“The fact that the insurance industry is exempt from federal anti-trust laws is outrageous. Shouldn’t the $170 billion bailout of AIG be the third and final strike to the “business as usual” attitude toward the insurance industry? We cannot tolerate these rampant abuses of the system at a massive cost to tax payers,” DeFazio said. “AIG was gambling with people’s life savings and lost it all to speculative and shady transactions and contributed to the current crisis. We must insure this never happens again.”
“Why is anyone surprised?” Taylor said. “Insurance companies believe that they are above the law. When it comes to the federal laws, they are. After Hurricane Katrina, insurance companies took advantage of the lack of federal oversight to bill the National Flood Insurance Program for wind damage. Taxpayers also paid for FEMA trailers, home repair grants, subsidized loans, and tax deductions for property damage that insurance should have covered.”. Continue reading “Breaking: Gene Taylor Introduces Legislation to Repeal Big Insurance”
Folks the story of the treatment of Doctor Borg by LSBME has the potential to become bigger than Perdigao. And who filed one of the LSBME complaints against Dr Borg? Why it was Great-West Health Care (an insurance company) after “Dr. Borg had lodged his own complaint against GW with Louisiana Insurance Commissioner for perceived improprieties in GW’s reimbursement practices.”
So we have the good Doc at the mercy of an investigator who was carrying on an illicit affair with his lawyer while this case was open, among other wild happenings and events. I literally can’t do this justice in the small amount of time I have available now outside of the day job right now. Luckily for all of us KATC TV sat down with the Doctors Borg in a story that aired last night. While we await the video report here is the teaser from channel 3:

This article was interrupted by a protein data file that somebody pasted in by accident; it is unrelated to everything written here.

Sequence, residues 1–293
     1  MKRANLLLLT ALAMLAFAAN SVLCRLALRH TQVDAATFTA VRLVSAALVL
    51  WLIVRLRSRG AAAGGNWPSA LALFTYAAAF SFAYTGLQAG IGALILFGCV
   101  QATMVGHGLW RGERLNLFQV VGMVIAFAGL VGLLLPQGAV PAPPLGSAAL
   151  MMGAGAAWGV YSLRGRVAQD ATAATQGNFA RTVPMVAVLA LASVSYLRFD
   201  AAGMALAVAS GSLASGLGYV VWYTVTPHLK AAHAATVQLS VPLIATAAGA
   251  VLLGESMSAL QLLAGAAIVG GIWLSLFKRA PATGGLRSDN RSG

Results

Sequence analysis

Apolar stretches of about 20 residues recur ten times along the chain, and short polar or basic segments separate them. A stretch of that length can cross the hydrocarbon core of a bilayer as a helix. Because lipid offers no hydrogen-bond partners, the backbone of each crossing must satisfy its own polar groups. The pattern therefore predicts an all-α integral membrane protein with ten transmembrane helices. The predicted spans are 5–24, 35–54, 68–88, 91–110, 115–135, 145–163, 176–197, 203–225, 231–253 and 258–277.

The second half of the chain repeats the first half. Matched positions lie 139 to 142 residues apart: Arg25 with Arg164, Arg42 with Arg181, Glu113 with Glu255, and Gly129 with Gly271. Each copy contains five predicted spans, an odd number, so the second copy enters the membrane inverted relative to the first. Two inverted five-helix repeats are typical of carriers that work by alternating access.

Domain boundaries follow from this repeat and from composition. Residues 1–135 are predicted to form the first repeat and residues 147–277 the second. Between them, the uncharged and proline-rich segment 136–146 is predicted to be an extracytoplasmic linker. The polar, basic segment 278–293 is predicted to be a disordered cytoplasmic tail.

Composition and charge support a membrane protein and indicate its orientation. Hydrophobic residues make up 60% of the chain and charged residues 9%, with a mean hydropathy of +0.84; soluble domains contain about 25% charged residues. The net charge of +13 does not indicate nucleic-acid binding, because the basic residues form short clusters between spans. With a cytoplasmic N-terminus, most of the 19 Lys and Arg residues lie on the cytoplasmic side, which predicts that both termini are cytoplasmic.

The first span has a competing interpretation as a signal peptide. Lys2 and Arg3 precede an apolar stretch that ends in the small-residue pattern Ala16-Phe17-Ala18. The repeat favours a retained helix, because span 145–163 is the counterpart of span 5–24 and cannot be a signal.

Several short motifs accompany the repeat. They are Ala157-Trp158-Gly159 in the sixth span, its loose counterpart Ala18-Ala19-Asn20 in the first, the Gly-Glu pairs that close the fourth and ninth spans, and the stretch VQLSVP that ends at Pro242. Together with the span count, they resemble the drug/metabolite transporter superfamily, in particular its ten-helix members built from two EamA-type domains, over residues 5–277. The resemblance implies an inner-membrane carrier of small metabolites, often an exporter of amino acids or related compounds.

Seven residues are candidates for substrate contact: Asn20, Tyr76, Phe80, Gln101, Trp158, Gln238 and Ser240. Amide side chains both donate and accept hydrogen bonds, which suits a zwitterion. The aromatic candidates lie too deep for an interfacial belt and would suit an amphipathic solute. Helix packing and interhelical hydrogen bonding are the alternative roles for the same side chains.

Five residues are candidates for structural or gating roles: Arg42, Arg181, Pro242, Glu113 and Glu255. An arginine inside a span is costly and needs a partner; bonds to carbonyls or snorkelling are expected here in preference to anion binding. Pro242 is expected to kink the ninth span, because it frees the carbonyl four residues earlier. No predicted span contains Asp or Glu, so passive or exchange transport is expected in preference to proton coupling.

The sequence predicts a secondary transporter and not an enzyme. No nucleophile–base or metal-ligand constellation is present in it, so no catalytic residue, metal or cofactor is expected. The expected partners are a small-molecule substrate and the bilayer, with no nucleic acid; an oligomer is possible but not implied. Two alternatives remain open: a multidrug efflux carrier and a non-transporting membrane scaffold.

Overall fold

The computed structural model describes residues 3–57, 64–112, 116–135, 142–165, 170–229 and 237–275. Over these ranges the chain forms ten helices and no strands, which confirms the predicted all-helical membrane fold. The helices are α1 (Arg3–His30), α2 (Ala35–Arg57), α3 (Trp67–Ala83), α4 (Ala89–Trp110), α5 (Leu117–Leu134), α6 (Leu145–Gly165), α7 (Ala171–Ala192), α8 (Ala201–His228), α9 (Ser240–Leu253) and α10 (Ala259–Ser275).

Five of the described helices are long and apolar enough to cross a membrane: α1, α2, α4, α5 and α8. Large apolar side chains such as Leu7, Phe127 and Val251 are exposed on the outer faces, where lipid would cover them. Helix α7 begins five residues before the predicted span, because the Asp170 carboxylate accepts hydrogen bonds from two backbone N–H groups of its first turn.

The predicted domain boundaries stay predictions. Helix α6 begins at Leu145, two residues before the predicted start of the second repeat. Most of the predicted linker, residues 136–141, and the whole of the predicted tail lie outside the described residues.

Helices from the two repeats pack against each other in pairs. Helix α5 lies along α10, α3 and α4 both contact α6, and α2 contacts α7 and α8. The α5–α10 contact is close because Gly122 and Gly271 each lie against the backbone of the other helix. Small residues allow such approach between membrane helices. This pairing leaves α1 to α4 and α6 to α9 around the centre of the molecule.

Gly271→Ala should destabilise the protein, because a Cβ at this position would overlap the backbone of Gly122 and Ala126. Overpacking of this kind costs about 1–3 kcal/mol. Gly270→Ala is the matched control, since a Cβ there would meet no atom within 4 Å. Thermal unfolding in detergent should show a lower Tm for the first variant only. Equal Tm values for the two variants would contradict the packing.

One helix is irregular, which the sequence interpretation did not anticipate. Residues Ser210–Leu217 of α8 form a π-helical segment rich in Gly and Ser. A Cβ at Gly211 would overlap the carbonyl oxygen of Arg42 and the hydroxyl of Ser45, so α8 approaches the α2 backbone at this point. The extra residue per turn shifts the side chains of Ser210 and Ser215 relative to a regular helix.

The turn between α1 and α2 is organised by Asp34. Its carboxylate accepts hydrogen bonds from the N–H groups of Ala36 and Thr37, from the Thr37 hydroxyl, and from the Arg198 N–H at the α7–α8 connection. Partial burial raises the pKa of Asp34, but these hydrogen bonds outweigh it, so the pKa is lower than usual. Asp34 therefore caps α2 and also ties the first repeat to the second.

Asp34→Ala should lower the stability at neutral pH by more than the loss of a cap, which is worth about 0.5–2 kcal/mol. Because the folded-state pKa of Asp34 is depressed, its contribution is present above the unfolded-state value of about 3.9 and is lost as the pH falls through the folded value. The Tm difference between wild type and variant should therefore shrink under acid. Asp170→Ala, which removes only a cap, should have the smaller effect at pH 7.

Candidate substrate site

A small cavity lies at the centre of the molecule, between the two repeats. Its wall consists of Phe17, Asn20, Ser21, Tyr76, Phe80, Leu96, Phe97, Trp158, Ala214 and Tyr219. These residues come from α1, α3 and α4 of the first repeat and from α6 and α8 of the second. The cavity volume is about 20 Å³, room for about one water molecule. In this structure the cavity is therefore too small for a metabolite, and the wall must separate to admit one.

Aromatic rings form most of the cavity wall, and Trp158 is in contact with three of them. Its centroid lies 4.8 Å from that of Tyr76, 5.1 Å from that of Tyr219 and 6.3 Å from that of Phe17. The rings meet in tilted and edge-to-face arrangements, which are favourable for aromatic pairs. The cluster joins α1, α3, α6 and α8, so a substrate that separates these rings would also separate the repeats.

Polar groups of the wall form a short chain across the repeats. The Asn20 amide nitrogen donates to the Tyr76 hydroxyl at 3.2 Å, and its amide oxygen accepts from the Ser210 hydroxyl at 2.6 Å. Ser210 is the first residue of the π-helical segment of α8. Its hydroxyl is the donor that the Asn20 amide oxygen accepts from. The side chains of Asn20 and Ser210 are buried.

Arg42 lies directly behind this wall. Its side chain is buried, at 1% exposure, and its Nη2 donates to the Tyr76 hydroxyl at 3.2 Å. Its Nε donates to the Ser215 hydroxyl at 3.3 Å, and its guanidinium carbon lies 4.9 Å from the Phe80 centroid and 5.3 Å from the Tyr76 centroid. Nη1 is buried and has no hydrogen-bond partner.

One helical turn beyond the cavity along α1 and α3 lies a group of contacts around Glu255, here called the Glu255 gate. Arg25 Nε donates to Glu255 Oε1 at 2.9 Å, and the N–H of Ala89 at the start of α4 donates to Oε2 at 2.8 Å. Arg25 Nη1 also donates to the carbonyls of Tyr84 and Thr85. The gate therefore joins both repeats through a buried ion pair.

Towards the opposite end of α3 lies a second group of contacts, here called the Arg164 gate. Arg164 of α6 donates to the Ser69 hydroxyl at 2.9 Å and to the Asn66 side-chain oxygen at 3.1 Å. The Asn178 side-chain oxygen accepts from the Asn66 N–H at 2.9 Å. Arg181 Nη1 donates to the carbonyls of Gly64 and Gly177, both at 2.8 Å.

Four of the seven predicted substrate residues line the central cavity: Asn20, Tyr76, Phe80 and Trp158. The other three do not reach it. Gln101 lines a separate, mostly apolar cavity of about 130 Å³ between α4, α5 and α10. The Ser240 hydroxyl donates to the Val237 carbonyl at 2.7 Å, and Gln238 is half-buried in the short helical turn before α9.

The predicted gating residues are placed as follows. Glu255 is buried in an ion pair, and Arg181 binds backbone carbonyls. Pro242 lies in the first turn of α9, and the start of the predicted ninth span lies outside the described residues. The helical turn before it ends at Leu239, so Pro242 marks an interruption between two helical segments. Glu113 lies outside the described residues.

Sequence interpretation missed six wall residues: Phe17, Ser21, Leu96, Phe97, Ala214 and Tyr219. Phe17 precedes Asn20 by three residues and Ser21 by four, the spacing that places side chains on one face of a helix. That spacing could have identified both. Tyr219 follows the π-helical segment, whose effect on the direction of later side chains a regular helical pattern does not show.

A Lafayette doctor has closed the doors to his business after being told he can’t practice for two years.
Doctor Walter Borg has been suspended by the Louisiana State Board of Medical Examiners.
According to his website, he is a Yale trained endocrinologist who has authored more than 20 scientific articles in medical journals. Continue reading “Attention all life forms at Starship LSBME: Resistance is Futile…..(Updated)”
Wednesday’s Docket for Association Casualty Ins. Co., et. al. v. Allstate Ins. Co., et. al had just two items – one an amended page 29 in the Plaintiff’s List of Exhibits and the other an Order Directing Verdit, Adopting Bench Opinion and Dismissing Complaint issued by US District Judge Keith Starrett.
This cause came on for trial on March 3, 2009, before the Court and a jury of ten. Both sides announced ready…Testimony was taken and evidence presented for eleven days. Following the completion of the Plaintiff’s case, a Motion for Directed Verdict was made by the Defendants.
The Court, in an oral bench opinion, granted Defendants’ Motion for Directed Verdict. The Court does hereby find that the Motion for Directed Verdict should be and is hereby sustained and incorporates herein by reference the bench opinion delivered this date stating the reasons and findings of the Court. This case is finally dismissed with prejudice.
Ironically, Time online was putting reinsurance under the Big Top in The Next AIG Scandal: Continue reading “Windpool circus shuts down – just as Big Top goes up”